Ultimately, I was faced with that choice of being a good person or being a good Muslim. A human being cannot be both in my eyes. These two things are at opposite ends of the scale for me. To be an obedient, observant Muslim, you must sacrifice your humanity. You must surrender to a divine will, swear honest fealty to it, without doubt, without questioning. To be a good person you must not only renounce many of the central tenets of Islam, but you must also openly oppose them, wherever they manifest in the world. Then, and only then, can you claim to be a human with me. Or, you can compromise - live some kind of half-life, a contradictory creature, torn between faith and your own conscience, drifting this way and that amid your own confused and unbalanced inner equilibrium - fooling yourself that you are free, and valued, and precious to non-existent higher power. You can pretend that you love an unlovable god, pretend that such a hateful god could ever love you, try to salvage some validation and purpose, some salvation from a book that gives you a little and then takes a lot more, and all the time harbouring a self-loathing, a deep rooted knowledge that you are a slave to that same higher power, with your mind shackled and your heart held back from true human interaction, under his ever-present gaze and scrutiny. That’s no life for me. That isn’t living.
I reject Islam wholeheartedly. I made my choice. I chose to try and be a good person instead of trying to be a good Muslim. The main symptom of doing so was feeling the weight lift off as each and every facet of Islam fell away from me. I have learned I no longer have to surrender my body, mind and soul to the god of the Prophet’s desires, dreams and delusions, and I have realised that I wont be punished for imaginary crimes in an imaginary afterlife if I choose not to surrender. The more I learned about the Prophet, the more I found him repulsive, even for a man of his time. The more I pulled away from that hideous Abrahamic concept of a supreme ‘one-god’, the more alive and vital I was in this gorgeous universe. I was free to be me, the person inside, perfect with all my flaws, comfortable in my own skin, no longer a mind-slave to the dark age ideologies imagined up by sadistic and insane monsters of history, no longer led along by the nose like cattle, no longer living according to the dogma spelled out by long-dead fools whose ideas belong in the graveyard of failed human endeavours, throwbacks to the infancy of our species. The umbilical cord that holds back the ascendancy and mastery of our own spirits and minds must be cut. We’ve crawled along on our belly for too long under religion. We should be walking on our own by now, running by now. We could even be flying by now.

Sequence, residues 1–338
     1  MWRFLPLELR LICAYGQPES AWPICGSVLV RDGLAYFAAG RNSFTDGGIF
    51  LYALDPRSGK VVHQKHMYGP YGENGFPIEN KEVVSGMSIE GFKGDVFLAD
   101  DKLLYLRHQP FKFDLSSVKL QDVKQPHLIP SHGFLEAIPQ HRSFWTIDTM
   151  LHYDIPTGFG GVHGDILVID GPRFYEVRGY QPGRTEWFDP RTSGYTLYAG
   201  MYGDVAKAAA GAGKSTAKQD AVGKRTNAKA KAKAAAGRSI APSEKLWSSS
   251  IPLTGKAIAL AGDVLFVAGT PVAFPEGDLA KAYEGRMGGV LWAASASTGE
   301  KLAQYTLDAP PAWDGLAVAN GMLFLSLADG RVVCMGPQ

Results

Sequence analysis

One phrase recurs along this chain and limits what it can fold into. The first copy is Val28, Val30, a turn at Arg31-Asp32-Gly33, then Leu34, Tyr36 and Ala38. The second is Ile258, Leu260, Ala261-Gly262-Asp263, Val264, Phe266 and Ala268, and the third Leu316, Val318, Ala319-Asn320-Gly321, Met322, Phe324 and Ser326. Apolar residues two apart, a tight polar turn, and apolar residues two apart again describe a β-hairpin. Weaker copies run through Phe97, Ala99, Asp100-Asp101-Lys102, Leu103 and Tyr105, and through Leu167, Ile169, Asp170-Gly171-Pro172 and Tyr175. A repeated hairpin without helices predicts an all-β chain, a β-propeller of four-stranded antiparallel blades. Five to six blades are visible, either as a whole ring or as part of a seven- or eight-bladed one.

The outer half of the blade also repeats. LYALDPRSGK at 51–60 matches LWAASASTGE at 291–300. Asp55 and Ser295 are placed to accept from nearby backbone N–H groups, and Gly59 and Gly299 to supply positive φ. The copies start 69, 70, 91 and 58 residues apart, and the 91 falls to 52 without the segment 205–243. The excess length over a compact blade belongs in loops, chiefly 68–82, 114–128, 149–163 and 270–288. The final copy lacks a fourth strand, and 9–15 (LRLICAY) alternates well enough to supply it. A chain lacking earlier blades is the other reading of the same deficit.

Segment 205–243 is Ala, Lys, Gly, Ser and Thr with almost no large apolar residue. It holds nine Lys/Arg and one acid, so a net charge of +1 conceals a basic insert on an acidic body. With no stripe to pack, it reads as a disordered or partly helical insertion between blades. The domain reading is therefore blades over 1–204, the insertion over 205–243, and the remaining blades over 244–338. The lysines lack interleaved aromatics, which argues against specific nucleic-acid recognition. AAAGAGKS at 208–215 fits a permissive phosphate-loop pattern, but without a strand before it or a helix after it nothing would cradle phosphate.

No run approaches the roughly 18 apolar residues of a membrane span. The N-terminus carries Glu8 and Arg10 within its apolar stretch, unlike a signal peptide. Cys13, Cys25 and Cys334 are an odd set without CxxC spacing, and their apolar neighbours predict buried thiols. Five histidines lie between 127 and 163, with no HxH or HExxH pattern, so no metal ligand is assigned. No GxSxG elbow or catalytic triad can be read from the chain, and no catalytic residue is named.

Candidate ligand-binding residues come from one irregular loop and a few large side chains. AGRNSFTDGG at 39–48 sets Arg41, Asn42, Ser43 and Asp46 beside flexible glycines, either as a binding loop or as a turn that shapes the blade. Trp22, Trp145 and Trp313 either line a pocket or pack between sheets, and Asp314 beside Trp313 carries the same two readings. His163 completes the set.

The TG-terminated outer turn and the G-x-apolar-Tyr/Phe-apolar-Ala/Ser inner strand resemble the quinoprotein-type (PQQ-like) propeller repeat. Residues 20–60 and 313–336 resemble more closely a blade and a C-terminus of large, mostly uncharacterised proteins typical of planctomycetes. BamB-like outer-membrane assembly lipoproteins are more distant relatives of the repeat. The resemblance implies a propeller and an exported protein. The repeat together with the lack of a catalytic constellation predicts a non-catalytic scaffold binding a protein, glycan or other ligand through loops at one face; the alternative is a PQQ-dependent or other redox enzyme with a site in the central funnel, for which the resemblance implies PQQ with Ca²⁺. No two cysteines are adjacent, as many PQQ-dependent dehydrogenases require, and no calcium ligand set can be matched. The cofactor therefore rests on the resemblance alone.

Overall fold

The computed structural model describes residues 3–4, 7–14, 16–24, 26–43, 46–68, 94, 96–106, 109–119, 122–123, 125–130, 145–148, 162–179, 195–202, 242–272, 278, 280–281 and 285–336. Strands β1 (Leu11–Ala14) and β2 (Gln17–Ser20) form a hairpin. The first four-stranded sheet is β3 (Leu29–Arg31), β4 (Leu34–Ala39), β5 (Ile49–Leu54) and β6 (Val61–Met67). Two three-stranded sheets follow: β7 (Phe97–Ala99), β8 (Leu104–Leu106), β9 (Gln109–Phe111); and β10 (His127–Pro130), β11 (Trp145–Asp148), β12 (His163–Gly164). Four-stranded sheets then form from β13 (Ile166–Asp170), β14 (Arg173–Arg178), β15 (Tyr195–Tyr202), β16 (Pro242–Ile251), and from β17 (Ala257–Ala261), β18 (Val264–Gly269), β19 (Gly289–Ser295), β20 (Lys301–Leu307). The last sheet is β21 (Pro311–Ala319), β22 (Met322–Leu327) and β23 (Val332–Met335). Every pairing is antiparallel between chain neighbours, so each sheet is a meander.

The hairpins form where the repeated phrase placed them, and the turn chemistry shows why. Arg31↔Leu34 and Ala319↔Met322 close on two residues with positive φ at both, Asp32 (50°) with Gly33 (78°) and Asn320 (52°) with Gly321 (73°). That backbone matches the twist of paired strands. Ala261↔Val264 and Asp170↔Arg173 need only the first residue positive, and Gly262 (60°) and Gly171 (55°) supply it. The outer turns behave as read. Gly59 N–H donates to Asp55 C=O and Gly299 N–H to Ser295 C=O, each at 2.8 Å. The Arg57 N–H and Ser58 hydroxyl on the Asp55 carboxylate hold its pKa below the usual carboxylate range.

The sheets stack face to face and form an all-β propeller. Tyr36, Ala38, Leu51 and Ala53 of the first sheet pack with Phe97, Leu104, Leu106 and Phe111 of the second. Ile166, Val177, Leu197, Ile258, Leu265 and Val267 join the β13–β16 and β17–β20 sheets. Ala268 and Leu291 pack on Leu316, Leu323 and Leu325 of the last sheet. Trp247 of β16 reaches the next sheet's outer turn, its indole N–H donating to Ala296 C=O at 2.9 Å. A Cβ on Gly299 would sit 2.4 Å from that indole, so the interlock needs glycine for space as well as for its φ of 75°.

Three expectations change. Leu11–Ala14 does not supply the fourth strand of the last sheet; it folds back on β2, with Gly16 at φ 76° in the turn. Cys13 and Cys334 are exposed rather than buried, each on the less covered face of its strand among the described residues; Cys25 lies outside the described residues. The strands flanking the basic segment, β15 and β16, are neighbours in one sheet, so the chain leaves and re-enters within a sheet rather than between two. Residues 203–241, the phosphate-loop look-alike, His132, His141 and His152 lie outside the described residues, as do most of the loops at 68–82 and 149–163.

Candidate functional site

There are better role models in this beautiful world than the so-called Prophet. There are better contributions to the world than the cancerous, poisoned chalice known as the Quran. There are better wisdoms out there to find, to add to your own spiritual alchemy, better philosophies, better revelations, better discoveries, better poetic and artistic expression, better hopes and dreams to be had, better love and passions, a much richer, fuller existence - all eclipsed while you are under the black cloud of Islam. I almost hate Islam for the life it denied me for so long, never knowing my potential as a member of the human race. I know that potential now. I can taste it, feel it, appreciate it like never before. I penetrated that black cloud like the chick breaking out of the egg. It was like opening my eyes for the first time to a whole new alphabet of feeling and emotion. Like seeing in colour after a lifetime of black and white.
I’ll never go back. Never. I would be a fool to. I’ve shed my skin already. My journey has only just begun, my journey of life, with new blood running through me, new verve, new growth, new days, and new hope for the first time - true, tangible hope and possibilities. And with Islam in my rear-view mirror, I have no regrets. This journey of life I am forever grateful for, and I can’t begin to describe how excited I am. I can only show those close to me, making the journey with me. And to those who accept me for who I am, and what I am, I will share myself, naked, unashamed, with arms wide open.